As the new wife & mistress of the manor, Margaret Winthrop was charged with the care of her husband’s 4 children by his 2 former marriages, ranging in age from 12 to 3. Within 3 years she had 2 children of her own, Stephen & Adam.

In addition to her child-rearing responsibilities, her household duties were heavy. Visitors were numerous, markets remote, and roads suitable for horseback travel only; the manor had to be sufficient unto itself for all its varied needs. Overseeing the operation of such a household was the best preparation she could have for the difficult, pioneer life in New England.

During many months of the 12 years before 1630, when John Winthrop sailed for the Massachusetts Bay Colony, his position as attorney at the Court of Wards & Liveries kept him at his chambers in London. His visits to Groton Manor were brief & infrequent, especially after plans for emigration were under way.

It was during this long period of enforced separation that the letters between them were written. Both husband & wife put their love to God first, love of husband & wife second.

In Margaret Winthrop’s words “ I have many reasons to make me love thee, whereof I will name two, first because thou lovest God, and secondly because that thou lovest me.” Religious feeling exalted their mutual love and dignified it.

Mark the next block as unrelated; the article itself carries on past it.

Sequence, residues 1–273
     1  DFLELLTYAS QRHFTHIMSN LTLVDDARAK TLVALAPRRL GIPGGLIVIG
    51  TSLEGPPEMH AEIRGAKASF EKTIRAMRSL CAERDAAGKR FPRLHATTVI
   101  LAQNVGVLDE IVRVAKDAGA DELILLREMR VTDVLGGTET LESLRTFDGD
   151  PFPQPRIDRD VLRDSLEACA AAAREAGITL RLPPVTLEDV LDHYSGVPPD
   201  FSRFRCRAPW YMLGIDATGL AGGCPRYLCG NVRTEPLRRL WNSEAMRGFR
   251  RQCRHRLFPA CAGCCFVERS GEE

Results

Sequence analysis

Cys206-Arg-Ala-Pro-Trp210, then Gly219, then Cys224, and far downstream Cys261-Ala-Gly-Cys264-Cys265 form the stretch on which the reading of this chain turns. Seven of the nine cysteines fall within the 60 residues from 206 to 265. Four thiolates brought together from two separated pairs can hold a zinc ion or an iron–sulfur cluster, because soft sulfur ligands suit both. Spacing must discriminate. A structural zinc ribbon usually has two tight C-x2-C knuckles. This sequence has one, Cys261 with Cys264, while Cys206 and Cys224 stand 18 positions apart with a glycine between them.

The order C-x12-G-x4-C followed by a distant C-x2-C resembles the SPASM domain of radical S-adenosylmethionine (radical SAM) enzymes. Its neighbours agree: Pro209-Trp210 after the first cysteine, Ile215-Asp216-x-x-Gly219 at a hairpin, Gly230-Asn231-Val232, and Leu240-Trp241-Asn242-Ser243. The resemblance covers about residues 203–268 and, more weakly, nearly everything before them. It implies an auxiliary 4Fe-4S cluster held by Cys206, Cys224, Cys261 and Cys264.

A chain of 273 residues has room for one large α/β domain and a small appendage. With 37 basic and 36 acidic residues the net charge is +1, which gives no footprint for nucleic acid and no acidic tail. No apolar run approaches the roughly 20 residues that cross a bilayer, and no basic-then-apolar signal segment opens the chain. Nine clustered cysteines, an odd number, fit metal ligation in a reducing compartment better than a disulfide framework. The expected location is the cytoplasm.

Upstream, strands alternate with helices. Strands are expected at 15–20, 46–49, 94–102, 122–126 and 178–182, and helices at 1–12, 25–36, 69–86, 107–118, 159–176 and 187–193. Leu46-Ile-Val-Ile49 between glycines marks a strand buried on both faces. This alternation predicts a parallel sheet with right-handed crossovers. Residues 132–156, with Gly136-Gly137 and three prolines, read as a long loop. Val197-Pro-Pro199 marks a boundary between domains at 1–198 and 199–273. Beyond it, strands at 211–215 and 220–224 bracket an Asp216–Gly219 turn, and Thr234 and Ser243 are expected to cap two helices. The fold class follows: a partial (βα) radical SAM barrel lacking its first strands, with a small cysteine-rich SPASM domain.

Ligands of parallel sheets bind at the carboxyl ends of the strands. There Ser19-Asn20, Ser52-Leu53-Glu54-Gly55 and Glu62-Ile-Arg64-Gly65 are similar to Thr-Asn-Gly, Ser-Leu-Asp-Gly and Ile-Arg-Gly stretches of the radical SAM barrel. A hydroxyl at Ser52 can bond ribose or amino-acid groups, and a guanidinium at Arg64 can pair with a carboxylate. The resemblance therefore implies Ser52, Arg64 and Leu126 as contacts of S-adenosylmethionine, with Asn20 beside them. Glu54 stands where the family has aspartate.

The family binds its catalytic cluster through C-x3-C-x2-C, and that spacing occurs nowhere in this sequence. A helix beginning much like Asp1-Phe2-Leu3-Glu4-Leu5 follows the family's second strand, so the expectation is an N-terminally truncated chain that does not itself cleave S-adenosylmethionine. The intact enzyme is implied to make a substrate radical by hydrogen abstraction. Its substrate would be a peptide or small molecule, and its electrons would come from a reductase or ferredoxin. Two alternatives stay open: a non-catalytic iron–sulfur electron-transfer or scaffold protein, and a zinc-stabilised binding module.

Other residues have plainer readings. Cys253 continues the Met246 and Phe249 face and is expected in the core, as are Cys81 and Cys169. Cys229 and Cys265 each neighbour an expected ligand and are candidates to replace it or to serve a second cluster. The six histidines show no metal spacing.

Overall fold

John Winthrop in Massachusetts Bay Colony

After her husband had left England, Margaret Winthrop remained at Groton for more than a year, until he could make suitable preparation for her coming. Only a few brief notes are preserved from this period.

She arrived in Boston Nov. 4, 1631, in the ship Lyon, which brought a cargo of much-needed supplies for the winter. Her baby daughter, Anne, had died on the voyage.

“The like joy and manifestations of love had never been seen in New England,” John Winthrop wrote in his Journal. One week later, on Nov. 11, “We kept a day of thanksgiving at Boston.”

Margaret Winthrop had 16 years of pioneer experience as the 1st lady of the colony during her husband’s long service as governor & assistant. She revealed some of her feelings in her letters from the new colony.

In a letter, dated “Sad Boston, 1637,” while the Anne Hutchinson disturbance was at its height, she confessed to being “unfit for any thinge, wonderinge what the Lord meanes by all these troubles among us.” She found in herself a “fierce spirit, unwilling to submit to the will of God,” and yet in the next sentence could say, "God’s will be done." She did not know how to say otherwise.